Google takes on rivals with new tablet
June 27, 2012 7:34 pm
By Tim Bradshaw in San Francisco
Google opened two new fronts in the computer hardware wars on Wednesday with the launch of a new 7-inch tablet and a living-room media device running its latest Android software that it hopes will challenge Apple, Amazon and Microsoft.
At its annual developer conference in San Francisco, Google unveiled the $199 Nexus 7 tablet, built in partnership with Asus, the Taiwanese developer, which runs its new Jelly Bean version of Android and undercuts the $399 price of Apple’s entry-level iPad. It also showed off a new media-streaming device, the Nexus Q.
The two devices illustrate how software and internet companies such as Google and Microsoft are shifting towards building their own desirable hardware that taps their users’ cloud-based media, apeing Apple’s longstanding approach of integrated technology and content.
Microsoft last week launched its Surface tablet, stressing the desirability of its magnesium-alloy casing and taking its first big step into computer hardware design to complement the latest version of its Windows operating system.
The wireless, spherical Nexus Q is “not just another black box”, Google said, while stressing the media capabilities of the Nexus 7, which it said had a high-definition display, faster graphics chips and is the weight of a paperback book.
In an effort to catch up with what analysts have seen as Apple and Amazon’s advantage in content for tablets, Google announced new TV and movie deals with studios including Disney, NBC Universal and Paramount, as well as a range of magazines available on its Google Play app store, through new partnerships with publishers such as Hearst and Condé Nast.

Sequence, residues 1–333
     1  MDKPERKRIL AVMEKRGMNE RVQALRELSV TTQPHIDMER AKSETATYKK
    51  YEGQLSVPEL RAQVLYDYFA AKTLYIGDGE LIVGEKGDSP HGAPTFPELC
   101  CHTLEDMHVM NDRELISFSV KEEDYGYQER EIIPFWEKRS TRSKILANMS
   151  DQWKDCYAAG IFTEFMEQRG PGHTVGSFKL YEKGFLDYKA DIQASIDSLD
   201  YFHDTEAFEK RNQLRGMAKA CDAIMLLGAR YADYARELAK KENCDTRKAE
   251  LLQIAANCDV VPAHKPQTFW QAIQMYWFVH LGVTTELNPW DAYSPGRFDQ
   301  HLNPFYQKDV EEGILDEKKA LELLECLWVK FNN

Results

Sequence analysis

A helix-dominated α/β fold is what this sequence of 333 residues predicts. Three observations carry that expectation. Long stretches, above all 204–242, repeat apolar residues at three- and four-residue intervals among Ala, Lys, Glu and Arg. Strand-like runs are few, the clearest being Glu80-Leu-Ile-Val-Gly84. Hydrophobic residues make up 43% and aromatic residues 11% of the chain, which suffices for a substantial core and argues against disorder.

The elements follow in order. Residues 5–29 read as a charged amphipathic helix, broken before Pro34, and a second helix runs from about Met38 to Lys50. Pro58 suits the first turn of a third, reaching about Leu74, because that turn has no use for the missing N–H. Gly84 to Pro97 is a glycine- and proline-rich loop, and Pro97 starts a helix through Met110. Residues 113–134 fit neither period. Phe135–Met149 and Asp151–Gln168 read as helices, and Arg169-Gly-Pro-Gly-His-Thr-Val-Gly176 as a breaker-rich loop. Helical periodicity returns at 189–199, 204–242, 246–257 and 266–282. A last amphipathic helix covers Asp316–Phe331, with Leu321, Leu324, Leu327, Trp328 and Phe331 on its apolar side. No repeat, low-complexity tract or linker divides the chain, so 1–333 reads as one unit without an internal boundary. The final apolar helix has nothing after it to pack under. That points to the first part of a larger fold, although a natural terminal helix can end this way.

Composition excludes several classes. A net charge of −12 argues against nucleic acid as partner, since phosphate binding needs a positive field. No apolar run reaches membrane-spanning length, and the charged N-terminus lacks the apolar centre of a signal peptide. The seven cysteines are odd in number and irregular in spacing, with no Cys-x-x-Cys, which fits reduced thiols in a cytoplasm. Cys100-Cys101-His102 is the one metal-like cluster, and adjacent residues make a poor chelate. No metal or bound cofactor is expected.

The tablet will ship in mid-July to the US, UK and other countries. The latest version of Android, rolling out in the same period, also offers new voice-search capabilities, akin to Apple’s Siri virtual assistant.
A new contextual search tool called Google Now uses individuals’ location, calendar and search history to offer live information about traffic and sports scores that it believes they will be interested in without actively searching for it.
Both devices also integrate Google+, Google’s year-old social network. A front-facing camera on the Nexus 7 will allow people to join its “hangouts” – group video chats – while the Q will allow friends to collectively create playlists of music from their smartphones.
Google+ now has 250m registered accounts with 150m monthly active users, with more using the service from mobile than desktop computers.
Forrester Research analyst James McQuivey said Google was learning lessons from Amazon, which also offers a $199 tablet based on Android.
“Google can see that the only way to beat the premium-worthy iPad is to go for the millions of customers who are ready for smaller and cheaper tablets and then grow those customers into more Android powered devices and, more importantly, Google-powered services like Google Play and whatever paid video experience YouTube will likely create,” Mr McQuivey said.
“That range of services will be the secret to stitching together this rag-tag fleet of Android gadgets into a platform that can compete with Apple for minutes of users’ attention rather than premium-device dollars.”
Users of Android smartphones and tablets are being added at a rate of 1m a day to reach a total of 400m globally, said the product’s director Hugo Barra, with the 600,000 apps now available on Google Play having been downloaded a total of 20bn times.
Growth is particularly rapid in emerging markets such as Brazil, India and Indonesia, Mr Barra said.
Copyright The Financial Times Limited 2012.